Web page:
As Enterprise Chief Marketing Officer for Farmers Insurance, Mike Linton has brought a digital focus to the brand best known for its quirky TV commercials. We asked him for his burning consumer insight question and he focused on the ever-shrinking time and attention that consumers are willing to give brands in the digital age.
GenPop: What’s your reaction to the survey results?
Mike Linton: Based on the survey results, consumers in the U.S. are researching insurance options, but in general, not spending much time on it. One important takeaway from the data is that a company’s website, recommendations from others and online reviews are the top drivers of final insurance purchase decisions.
GenPop: How does that compare to historical trends?
Linton: In general, the results were consistent with what we are seeing in the marketplace, which is shorter attention spans, higher demand for content being either personalized or entertaining and a consistent “digital” in the forefront of the purchasing/learning story.
GenPop: How has the time and attention that people are willing to give to brands evolved?
Linton: I started at Procter & Gamble in the 1980s where a 60-second commercial was a key standard. And now people are “hook me early or I don’t see you,” whether it’s a television show, Facebook post or an advertising spot. Brands need to be interesting early. Also, people don’t want to wade through a bunch of what the company wants to tell them. They want to be entertained or learn what they want to know as fast as possible. This behavior is partially driven by technology, which is setting the norm for how fast consumers expect satisfaction as they define it. That means content has to capture their attention and tell a story in shorter and shorter bursts.
GenPop: Should it matter how complicated a brand purchase is as to whether a person will decide how much time to give their attention?
Linton: The key is the consumer perspective. The company may think it is offering a complex service or product, but the consumer decides if it is complex or not. And if they decide it is complex or high risk, they will likely give it more time. Net, complexity is a consumer-defined thing, not a company-defined thing. If I’ve bought 100 financial instruments, the 101st may not be so complex, no matter what you tell me. If it’s my first purchase, yeah, it probably is. So, this is more of a marketplace, personalized consumer call than it is a brand call.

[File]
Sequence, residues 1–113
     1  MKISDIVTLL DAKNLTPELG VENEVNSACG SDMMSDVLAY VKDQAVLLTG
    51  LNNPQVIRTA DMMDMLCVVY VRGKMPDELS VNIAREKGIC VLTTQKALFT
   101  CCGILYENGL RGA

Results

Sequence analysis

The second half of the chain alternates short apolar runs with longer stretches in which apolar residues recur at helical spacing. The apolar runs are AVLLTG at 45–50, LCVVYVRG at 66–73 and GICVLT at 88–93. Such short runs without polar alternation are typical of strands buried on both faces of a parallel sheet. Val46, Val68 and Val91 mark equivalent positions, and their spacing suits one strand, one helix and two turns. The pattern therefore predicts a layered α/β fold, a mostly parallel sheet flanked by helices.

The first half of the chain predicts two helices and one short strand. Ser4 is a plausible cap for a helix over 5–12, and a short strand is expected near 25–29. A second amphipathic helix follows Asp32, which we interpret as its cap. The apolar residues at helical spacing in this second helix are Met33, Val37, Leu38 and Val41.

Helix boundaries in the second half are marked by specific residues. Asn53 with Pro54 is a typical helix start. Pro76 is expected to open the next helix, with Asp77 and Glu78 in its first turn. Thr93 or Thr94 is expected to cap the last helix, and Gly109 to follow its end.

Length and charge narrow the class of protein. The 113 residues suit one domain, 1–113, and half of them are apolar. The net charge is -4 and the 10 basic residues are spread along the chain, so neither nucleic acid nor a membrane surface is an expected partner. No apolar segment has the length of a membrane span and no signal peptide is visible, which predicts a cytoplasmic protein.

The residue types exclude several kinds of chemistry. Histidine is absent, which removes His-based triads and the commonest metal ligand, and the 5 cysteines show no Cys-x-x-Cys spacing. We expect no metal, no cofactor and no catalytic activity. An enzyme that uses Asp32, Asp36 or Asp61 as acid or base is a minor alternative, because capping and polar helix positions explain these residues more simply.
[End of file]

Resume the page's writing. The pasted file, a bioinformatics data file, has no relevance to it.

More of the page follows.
GenPop: When people are making these more expensive purchases, isn’t there is a sense of risk?
Linton: Yes. All purchases aren’t equal. Take bar soap, for example. I buy the soap, and if I don’t like the soap, I buy another bar. It costs a dollar. If I buy the wrong insurance or the wrong car, that’s an expensive choice. These choices are asymmetrical in their risk/price profile. I would recommend consumers think that through and while they don’t always do that, I recommend it.
GenPop: Technology companies have tried to disrupt and simplify complex purchases. How has that changed the consumer?
Linton: There’s no doubt that the marketplace moves faster than ever and many purchase considerations are crammed into available consumer time versus what the brand would want or what the historical norm was. That can significantly alter the purchase cycle and consumer consideration. Technology will simplify or shortcut a complex purchase if that’s what consumers want, and there’s a lot of data to show that fast, easy, and convenient are winning trends in the marketplace. In the end, consumers decide what’s best for them and companies who want to be profitable will enable that connection on the consumer’s terms.
GenPop: What does that means for how that might change your business in the future?
Mike Linton: From a marketing perspective and a company perspective, the consumer’s almost always in charge. The marketplace will move as fast as it can to match the consumer and satisfy those demands –ideally profitably. What I see and hear the consumer saying is, “I want it simpler, faster and I want more control of the process.” I believe the marketplace and technology will continue to evolve that way for just about everything. Remember what it was like to buy an airline ticket 40 years ago? Technology worked to beat the complexity of that system and it will for many others.
GenPop: What does it mean for brands and loyalty?
Mike Linton: Brands and loyalty matter a lot because brands are usually the first sorting choice when consumers think about making a purchase. If consumers aren’t totally loyal to one brand, there’s often a select group of brands they start with – their consideration set. They then sort by secondary factors like convenience, price or other variables. That puts a premium on the overall value equation, which includes price and experience.
GenPop: How does that change the way you approach maintaining their loyalty?
Linton: Consumers always want things faster, better, and with higher value. Not too long ago, tons of stores were closed on Sundays and evenings, and that was the way it was. That’s game over for our consumers today. Loyalty is earned and brands need to earn it with consistent consumer-based improvements over time. Anytime a brand misses delivering its value proposition, it creates a chance for its competition in the fight for consumers. You’re never done with that fight.